The Kirkpatrick Evaluation Model was created by Donald Kirkpatrick, Ph.D., to define the four levels of training evaluation. The four levels of evaluation are: (1) the reaction of the student and their thoughts about the training experience; (2) the student’s resulting learning and increase in knowledge from the training experience; (3) the student’s behavioral change and improvement after applying the skills on the job; and (4) the results or effects that the student’s performance has on the business.

The Kirkpatrick Model Overview

Donald Kirkpatrick developed the Kirkpatrick Evaluation Model for evaluating training during the 1950s. The model was initially published in a trade journal and later in Kirkpatrick’s 1975 book, “Evaluating Training Programs.” Today, it is the most recognized method of evaluating the effectiveness of training programs.

Each of the four levels are explained below.

Level 1: Reaction

Level 1 solicits opinions of the learning experience following a training event or course. Typical questions concern the degree to which the experience was valuable (satisfaction), whether they felt engaged, and whether they felt the training was relevant. Training organizations use that feedback to evaluate the effectiveness of the training, students’ perceptions, potential future improvements, and justification for the training expense. A variety of sources estimate that approximately 80% of training events include Level 1 evaluation.

Level 2: Learning

Level 2 measures the degree to which participants acquired the intended knowledge, skills and attitudes as a result of the training. This level is used by instructors and training executives to determine if training objectives are being met. Only by determining what trainees are learning, and what they are not, can organizations make necessary improvements. Level 2 can be completed as a pre- and post-event evaluation, or only as a post-evaluation.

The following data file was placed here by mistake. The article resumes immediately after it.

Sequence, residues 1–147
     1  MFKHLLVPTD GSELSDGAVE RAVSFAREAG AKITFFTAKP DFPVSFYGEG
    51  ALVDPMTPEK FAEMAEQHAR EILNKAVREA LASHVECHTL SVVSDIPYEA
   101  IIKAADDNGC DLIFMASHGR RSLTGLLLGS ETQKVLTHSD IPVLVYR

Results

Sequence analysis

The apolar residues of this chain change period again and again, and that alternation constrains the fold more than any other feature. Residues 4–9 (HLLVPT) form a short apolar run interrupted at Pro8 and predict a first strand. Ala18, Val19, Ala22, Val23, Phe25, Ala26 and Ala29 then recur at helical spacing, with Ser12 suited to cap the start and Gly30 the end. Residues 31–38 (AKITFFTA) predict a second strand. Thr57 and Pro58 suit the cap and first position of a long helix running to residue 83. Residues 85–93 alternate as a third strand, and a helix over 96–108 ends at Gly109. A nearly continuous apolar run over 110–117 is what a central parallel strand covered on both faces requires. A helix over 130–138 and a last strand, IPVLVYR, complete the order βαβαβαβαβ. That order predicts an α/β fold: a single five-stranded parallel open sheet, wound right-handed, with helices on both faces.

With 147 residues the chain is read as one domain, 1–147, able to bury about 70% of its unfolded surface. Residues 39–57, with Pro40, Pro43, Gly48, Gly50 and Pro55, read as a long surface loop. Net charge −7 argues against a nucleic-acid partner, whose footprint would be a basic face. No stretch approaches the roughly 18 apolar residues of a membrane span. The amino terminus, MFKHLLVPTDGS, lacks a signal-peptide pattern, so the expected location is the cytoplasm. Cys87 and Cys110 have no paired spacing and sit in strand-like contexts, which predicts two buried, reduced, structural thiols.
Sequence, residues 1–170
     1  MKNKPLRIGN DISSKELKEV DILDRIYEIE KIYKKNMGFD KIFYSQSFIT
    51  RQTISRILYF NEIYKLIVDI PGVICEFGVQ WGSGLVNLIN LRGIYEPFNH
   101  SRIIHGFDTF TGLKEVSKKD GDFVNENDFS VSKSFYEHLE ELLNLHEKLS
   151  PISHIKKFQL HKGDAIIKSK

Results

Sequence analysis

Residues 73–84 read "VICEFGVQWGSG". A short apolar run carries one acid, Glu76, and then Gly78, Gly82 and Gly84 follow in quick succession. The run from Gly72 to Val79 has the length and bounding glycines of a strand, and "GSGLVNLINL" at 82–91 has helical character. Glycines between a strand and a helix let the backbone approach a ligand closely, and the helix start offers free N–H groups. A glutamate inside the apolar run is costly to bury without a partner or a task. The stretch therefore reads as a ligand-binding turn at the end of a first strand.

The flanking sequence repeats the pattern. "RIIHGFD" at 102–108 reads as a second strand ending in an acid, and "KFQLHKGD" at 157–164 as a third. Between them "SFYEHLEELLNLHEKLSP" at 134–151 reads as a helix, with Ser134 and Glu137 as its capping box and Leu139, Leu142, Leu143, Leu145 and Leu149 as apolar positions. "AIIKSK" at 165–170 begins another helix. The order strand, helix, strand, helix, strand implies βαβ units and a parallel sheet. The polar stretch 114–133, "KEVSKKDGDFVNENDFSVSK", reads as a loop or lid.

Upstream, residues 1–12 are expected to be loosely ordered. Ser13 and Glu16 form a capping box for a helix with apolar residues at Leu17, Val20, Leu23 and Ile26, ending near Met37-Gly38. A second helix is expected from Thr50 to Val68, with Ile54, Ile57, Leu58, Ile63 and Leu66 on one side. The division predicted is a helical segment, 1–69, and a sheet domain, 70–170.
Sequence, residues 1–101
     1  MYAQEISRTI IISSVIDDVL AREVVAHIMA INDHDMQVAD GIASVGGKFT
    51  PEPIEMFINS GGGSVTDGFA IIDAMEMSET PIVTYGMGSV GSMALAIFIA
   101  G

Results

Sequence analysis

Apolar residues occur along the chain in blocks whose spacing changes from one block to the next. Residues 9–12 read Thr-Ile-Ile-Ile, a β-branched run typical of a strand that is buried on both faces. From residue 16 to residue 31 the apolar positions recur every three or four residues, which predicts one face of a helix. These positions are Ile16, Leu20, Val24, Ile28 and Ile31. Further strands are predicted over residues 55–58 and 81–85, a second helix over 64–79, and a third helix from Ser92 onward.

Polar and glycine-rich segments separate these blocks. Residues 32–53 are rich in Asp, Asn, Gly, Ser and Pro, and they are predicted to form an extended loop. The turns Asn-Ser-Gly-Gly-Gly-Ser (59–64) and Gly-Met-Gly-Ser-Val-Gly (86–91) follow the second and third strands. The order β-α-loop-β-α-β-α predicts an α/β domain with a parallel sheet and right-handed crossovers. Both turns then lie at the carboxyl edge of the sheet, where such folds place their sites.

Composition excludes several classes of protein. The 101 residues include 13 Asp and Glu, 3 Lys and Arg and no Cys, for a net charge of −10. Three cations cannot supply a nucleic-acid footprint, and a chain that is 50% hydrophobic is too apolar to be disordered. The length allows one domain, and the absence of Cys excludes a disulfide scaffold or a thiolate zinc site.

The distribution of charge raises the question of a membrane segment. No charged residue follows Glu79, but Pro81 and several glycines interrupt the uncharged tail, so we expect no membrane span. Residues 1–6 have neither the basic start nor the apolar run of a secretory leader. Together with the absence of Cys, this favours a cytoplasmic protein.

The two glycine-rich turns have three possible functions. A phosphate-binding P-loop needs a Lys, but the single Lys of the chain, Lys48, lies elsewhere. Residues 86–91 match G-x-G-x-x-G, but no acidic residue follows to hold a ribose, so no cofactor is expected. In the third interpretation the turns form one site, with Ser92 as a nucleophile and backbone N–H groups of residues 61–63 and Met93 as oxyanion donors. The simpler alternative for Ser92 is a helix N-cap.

Level 3: Behavior

Level 3 measures the degree to which participants’ behaviors change as a result of the training – basically whether the knowledge and skills from the training are then applied on the job. This measurement can be, but is not necessarily, a reflection of whether participants actually learned the subject material. For example, the failure of behavioral change can be due to other circumstances such as individual’s reluctance to change. Level 3 evaluation involves both pre- and post-event measurement of the learner’s behavior.

Level 4: Results

Level 4 seeks to determine the tangible results of the training such as: reduced cost, improved quality and efficiency, increased productivity, employee retention, increased sales and higher morale. While such benchmarks are not always easy or inexpensive to quantify, doing so is the only way training organizations can determine the critical return on investment (ROI) of their training expenditures. One typical challenge is to identify whether specific outcomes are truly the result of the training. Level 4 requires both pre- and post-event measurement of the training objective.

Future Applications: The Kirkpatrick Model

In 2011, Atlanta-based Kirkpatrick Partners modified the learning and evaluation model to more easily calculate the return on expectations (ROE) of stakeholders. Kirkpatrick Partners contends that ROE is the “ultimate indicator of value.” While ROI and ROE are common methods for evaluating and justifying training, many training organizations still struggle with the four levels, particularly quantifying levels three and four.

As learning content becomes increasingly available through informal channels, learners and training organizations are finding ways to use and incorporate this type of material into personal enrichment or professional training methods. Most if these informal channels, however, do not include pre- and post-evaluations — or any type of measuring tools — to measure effectiveness. To mitigate this issue, advancements like Experience API (or Tin Can API) allow training organizations to effectively track and measure informal learning activities.

Contributors: Donald L. Kirkpatrick, James D. Kirkpatrick, and Wendy K. Kirkpatrick

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